Omani inflation slowed to a four year low of 1.8 percent in July, the economy ministry said yesterday, without giving a breakdown of the consumer price index. The inflation rate fell from 2.9 percent in June, the ministry said on its Web site. Inflation in the Sultanate was last below 1.8 percent in August 2005, according to data compiled from the ministry. (Source)
It's odd how inflation is going down, yet somehow grocery costs are still going up here. Hmmmm.
Well at least rents are not getting any worse, and, as some readers of this blog may of read recently - my landlord decided not to increase my rent this year - phew!
And, item number 2:
Oman is renewing efforts to privatise its electricity sector, after the world financial crisis and lower oil prices delayed the programme and pushed the country’s budget into deficit. Muscat, which 15 years ago became the first Gulf Arab state to allow private investors to develop power plants, in 2006 set a target of selling off all government stakes in electricity projects by this year. But buyers did not step forward as quickly as expected. Now, facing an expected 15 per cent annual increase in its power requirements until 2020, the sultanate plans to increase its electrical generating capacity and strengthen its power grid with 3 billion rials (US$7.8bn) of new projects to be built over the next six years. It hopes private-sector investors will help it foot the bill. (Source)
So I guess all those GE turbines are going to be paid for by some non-Omani companies. Well, I should hazard a guess that unless it's the suppliers (GE in this case) or another Gulf Arab State company, I cant really see the financial benefit of anyone investing into this market. And at the same time it's a constantly rising bill that the Government has to foot each year, so no wonder they want to get shot of it!
The only real method for adequate power generation here in the desert is Nuclear. License it from the French, they're pretty handy with their nuclear power generation. The Americans might even go along with it too, although I'm sure our good friends accross the pond, Iran, might not be too pleased about such a development. Burning hydro-carbons to fuel the nations soaring power requirements is like shooting itself in the foot. Much better to convice Jean-Paul and his chums to come on down and build a nuclear power station or two, and of course operate it and so on and so forth. And Oman are currently in the early stages of building coal fired power stations, to come on stream in 2015. Where's the coal going to come from?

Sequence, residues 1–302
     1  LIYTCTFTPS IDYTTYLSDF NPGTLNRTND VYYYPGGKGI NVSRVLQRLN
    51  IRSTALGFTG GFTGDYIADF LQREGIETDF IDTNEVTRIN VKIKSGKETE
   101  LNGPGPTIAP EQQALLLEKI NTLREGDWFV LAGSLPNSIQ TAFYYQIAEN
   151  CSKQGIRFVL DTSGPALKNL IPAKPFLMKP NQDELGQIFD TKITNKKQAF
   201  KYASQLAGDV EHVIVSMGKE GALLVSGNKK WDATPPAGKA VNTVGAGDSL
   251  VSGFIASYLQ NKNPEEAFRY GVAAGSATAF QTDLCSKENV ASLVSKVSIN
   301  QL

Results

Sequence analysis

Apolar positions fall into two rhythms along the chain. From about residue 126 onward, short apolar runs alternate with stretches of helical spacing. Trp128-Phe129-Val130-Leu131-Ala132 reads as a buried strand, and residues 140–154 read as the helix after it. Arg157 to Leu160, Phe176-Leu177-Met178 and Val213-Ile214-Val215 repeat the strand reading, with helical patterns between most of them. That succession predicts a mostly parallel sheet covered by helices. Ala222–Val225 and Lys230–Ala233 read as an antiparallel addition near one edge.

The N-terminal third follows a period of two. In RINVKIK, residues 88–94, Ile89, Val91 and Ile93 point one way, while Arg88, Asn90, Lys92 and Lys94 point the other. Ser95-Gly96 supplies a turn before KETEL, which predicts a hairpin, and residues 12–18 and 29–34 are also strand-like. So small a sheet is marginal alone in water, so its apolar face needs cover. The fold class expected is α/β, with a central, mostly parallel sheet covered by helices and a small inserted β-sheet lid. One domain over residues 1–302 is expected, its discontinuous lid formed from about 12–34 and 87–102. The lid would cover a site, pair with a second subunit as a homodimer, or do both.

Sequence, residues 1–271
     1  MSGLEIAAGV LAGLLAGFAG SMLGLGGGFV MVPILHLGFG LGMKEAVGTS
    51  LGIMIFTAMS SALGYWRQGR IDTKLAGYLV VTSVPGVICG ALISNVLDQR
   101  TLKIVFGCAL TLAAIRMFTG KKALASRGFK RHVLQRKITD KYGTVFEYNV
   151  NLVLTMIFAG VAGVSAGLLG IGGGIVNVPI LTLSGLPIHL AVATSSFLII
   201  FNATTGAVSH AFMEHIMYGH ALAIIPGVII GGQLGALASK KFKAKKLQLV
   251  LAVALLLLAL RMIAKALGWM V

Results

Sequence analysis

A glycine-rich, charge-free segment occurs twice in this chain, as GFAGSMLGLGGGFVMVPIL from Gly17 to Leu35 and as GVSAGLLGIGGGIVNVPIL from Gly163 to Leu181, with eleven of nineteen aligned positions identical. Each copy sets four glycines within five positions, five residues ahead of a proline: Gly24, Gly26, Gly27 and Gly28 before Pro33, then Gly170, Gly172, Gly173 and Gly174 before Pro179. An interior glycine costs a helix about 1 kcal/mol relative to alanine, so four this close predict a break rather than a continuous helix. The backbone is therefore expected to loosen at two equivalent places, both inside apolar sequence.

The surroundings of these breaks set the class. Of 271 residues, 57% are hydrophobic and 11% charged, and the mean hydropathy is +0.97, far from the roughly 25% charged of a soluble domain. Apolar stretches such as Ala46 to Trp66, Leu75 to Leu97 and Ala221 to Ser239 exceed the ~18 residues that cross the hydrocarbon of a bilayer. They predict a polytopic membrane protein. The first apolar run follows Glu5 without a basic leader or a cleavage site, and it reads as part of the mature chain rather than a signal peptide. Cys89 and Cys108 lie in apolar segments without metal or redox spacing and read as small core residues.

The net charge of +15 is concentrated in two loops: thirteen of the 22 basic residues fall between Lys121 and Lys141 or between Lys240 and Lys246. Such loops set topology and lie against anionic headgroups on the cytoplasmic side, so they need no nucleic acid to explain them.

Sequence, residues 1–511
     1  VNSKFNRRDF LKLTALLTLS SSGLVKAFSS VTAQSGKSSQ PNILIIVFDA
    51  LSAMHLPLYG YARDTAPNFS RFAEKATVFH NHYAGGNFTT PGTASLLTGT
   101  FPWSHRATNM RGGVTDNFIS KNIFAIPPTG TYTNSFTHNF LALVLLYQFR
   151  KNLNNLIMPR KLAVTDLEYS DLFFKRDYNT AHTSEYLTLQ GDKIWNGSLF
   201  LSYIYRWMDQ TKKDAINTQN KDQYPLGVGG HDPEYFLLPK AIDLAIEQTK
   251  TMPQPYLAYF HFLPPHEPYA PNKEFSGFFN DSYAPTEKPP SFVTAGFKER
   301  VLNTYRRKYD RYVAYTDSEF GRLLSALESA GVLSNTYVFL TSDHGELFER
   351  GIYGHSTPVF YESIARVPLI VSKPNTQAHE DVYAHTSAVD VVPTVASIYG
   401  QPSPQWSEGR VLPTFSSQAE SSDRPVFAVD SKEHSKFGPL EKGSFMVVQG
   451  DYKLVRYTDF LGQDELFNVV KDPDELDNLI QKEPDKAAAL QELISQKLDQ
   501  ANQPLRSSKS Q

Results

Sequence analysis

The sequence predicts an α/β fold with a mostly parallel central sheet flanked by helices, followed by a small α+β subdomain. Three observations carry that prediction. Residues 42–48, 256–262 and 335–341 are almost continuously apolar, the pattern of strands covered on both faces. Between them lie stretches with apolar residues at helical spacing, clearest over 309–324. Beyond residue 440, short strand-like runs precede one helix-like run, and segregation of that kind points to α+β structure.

According to the Times of Oman, 9 people have now died as a result of H1N1 here in Oman. (Source) Funny, that. Fellow Omani blogger (with a slight obsession with cows) Dhofari Gucci has been mentioning here and there of poor people who have died down in Salalah. It seem evident that the official numbers do not seem to tally with the unofficial numbers. Hmmm.
Blue City. Well I guess I should share the news here with you all. Blue City's bonds were successfully purchased by Essdar Capital. It is unclear exactly how many of the bonds were purchased, but the news release does not say they purchased all the bonds, just those that were tendered prior to the Expiration Time. I guess time will tell if the money taps are turned back on, but from what I can tell, there is a lot of work under way on site, so good news - I think. More on that soon.
On a final note, the roads are now busier. School started. I think I can hear a collective sigh of relief from parents around town. Unfortunately it now means my 5 minute commute has become a rather unsavoury 8 minute commute. Life can be so hard sometimes ;)